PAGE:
Nursing Education: Students’ Narratives of Moral Distress in Clinical Practice
Peer reviewed, Journal article
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Original versionNursing Reports. 2021, 11 291-300. 10.3390/nursrep11020028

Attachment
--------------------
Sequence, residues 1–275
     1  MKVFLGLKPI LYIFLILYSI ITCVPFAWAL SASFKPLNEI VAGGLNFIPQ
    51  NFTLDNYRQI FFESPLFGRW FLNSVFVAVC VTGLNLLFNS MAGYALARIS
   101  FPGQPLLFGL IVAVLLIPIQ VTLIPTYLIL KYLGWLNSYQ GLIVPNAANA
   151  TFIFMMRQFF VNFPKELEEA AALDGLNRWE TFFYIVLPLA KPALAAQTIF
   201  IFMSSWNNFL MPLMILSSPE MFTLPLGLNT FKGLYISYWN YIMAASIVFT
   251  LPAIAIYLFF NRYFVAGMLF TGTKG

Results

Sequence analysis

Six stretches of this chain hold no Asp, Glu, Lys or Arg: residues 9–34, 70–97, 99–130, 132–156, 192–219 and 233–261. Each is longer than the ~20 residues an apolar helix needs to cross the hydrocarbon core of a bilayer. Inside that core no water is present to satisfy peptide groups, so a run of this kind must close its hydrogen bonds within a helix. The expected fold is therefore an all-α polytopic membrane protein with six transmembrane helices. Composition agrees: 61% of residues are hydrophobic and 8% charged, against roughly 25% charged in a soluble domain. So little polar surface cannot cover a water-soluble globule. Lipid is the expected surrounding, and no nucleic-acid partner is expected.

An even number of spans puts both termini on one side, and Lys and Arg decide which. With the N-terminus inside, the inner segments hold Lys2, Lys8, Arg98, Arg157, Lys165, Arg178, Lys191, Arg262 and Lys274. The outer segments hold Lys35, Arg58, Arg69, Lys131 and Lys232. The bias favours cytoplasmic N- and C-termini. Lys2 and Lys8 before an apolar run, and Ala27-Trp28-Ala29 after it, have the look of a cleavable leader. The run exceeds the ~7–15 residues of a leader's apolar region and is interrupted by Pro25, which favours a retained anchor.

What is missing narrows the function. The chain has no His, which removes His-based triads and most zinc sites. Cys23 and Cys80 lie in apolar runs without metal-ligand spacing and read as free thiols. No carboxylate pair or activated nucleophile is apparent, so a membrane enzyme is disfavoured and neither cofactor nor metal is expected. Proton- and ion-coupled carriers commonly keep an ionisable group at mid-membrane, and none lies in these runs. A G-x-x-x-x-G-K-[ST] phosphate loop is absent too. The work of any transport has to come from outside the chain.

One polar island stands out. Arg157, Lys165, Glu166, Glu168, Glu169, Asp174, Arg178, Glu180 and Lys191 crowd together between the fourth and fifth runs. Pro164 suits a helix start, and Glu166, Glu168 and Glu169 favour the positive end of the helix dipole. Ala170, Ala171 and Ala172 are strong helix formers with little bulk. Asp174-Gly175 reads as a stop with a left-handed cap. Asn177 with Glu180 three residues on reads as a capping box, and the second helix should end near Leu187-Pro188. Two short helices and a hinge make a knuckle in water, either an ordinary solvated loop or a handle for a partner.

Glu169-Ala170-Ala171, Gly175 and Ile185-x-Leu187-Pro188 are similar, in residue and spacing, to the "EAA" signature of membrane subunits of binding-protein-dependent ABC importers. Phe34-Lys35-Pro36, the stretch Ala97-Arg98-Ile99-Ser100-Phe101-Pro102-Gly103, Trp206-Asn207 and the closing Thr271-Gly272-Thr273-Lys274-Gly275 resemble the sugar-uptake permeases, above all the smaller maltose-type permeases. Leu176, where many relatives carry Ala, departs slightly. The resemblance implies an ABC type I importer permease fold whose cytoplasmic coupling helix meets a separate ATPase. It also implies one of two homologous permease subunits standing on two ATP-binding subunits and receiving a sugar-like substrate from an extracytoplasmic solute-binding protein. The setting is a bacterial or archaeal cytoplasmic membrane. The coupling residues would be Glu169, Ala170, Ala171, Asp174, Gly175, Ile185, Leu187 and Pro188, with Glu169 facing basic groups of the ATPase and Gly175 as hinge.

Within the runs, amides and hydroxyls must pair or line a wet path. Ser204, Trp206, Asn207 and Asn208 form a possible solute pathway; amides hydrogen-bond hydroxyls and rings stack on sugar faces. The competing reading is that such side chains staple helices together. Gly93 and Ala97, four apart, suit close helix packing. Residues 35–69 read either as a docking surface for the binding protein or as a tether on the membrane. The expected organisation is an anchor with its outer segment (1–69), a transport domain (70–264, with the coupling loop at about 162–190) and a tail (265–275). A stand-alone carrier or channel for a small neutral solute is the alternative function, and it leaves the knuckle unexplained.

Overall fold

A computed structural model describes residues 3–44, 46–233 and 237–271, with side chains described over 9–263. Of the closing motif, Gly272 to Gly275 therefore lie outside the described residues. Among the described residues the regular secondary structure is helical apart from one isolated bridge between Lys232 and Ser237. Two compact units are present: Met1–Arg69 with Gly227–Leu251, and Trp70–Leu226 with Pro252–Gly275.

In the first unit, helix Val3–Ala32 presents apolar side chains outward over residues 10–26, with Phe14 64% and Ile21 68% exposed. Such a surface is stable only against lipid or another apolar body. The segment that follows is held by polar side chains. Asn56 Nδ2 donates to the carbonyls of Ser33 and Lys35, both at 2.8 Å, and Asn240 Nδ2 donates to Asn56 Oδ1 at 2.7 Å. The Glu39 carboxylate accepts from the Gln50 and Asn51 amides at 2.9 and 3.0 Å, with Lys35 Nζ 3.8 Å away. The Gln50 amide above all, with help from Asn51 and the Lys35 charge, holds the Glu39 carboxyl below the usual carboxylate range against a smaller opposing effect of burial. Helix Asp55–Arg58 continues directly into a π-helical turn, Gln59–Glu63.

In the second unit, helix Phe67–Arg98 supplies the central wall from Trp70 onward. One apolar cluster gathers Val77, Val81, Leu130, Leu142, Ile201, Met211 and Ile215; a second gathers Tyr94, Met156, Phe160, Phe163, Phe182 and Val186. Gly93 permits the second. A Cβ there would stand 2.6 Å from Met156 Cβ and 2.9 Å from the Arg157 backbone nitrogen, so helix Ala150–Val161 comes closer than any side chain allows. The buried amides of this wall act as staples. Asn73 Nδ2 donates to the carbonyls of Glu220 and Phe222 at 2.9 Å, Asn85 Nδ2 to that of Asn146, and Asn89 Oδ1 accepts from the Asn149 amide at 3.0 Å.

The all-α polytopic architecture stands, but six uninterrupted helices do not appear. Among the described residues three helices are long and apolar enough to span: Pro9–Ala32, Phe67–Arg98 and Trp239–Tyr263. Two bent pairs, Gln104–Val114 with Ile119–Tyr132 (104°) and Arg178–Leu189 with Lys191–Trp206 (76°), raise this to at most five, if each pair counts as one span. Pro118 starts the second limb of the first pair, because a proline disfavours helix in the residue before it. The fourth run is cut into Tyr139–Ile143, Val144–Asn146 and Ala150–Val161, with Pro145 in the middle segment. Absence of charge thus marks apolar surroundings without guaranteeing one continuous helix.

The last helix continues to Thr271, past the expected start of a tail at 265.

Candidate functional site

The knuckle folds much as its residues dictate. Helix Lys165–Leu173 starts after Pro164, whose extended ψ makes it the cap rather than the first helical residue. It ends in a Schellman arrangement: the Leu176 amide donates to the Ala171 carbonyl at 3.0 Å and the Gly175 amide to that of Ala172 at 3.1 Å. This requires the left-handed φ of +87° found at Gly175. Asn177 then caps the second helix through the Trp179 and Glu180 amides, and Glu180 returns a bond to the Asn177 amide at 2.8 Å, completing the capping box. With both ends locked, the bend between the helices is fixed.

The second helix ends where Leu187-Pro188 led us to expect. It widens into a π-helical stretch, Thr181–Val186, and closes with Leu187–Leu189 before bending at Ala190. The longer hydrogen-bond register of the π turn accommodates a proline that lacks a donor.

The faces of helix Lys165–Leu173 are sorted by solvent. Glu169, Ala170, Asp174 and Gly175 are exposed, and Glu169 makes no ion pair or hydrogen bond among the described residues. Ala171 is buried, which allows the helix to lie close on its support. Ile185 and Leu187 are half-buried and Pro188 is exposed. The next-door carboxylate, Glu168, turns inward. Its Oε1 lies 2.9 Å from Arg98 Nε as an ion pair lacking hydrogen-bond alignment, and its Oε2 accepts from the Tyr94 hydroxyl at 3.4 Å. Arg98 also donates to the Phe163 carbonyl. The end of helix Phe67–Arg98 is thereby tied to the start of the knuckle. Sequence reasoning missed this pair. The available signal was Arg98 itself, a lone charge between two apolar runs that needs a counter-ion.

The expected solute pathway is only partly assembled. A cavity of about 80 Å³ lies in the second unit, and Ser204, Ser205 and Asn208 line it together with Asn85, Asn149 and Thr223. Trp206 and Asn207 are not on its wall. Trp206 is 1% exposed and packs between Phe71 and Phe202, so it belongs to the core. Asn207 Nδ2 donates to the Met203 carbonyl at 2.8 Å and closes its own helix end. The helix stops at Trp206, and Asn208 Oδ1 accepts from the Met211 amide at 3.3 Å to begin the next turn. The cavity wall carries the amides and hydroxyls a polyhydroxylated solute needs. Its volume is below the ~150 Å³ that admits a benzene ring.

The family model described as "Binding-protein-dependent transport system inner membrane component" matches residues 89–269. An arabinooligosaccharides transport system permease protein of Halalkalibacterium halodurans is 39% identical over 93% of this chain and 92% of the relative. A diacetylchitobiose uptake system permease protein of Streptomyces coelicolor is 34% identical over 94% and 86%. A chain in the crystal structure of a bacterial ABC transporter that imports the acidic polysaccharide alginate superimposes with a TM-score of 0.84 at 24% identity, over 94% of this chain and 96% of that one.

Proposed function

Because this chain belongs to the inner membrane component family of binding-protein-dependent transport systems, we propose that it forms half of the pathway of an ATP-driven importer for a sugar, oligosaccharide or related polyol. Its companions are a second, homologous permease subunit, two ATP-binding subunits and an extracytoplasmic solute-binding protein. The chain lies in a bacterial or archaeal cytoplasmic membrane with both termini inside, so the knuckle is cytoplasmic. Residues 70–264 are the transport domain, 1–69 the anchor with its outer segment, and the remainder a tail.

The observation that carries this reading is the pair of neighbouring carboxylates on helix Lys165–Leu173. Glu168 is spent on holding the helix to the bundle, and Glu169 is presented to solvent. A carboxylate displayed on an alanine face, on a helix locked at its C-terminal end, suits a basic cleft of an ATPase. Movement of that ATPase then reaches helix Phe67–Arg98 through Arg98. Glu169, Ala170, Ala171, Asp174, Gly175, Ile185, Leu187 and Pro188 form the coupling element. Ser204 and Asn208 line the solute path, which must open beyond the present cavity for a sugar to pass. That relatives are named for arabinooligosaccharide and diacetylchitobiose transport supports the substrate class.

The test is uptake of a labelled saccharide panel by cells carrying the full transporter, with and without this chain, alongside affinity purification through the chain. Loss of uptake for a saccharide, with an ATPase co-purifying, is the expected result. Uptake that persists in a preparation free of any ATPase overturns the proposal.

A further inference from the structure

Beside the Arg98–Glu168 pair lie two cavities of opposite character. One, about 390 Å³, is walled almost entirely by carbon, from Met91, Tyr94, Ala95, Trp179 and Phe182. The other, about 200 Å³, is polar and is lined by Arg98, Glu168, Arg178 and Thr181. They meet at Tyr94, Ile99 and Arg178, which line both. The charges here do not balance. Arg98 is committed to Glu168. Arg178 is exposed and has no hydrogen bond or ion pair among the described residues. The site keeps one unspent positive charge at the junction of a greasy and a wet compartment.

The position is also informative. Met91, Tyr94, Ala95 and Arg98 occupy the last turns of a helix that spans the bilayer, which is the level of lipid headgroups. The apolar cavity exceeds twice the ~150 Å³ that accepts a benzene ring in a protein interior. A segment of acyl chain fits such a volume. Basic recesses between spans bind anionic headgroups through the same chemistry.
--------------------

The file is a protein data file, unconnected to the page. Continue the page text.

Background: Research indicates that newly graduated nurses are often unprepared for meeting challenging situations in clinical practice. This phenomenon is referred to as a “reality shock”. This gap in preparedness may lead to moral distress. The aim of this article is to provide knowledge of moral distress in clinical nursing practice. Methods: Bachelor and further education nursing students were invited to write a story about challenging situations from their own clinical practice, resulting in 36 stories. Analysis was based on hermeneutical reading inspired by a narrative method; therefore, six stories were selected to represent the findings. Results: A finding across the stories is that the students knew the right thing to do but ended up doing nothing. Four themes were related to moral distress: (a) undermining of professional judgement, (b) disagreement concerning treatment and care, (c) undignified care by supervisors, and (d) colliding values and priorities of care. Conclusion: Nursing education should emphasize to a greater extent ethical competency and training for the challenging situations students will encounter in clinical practice.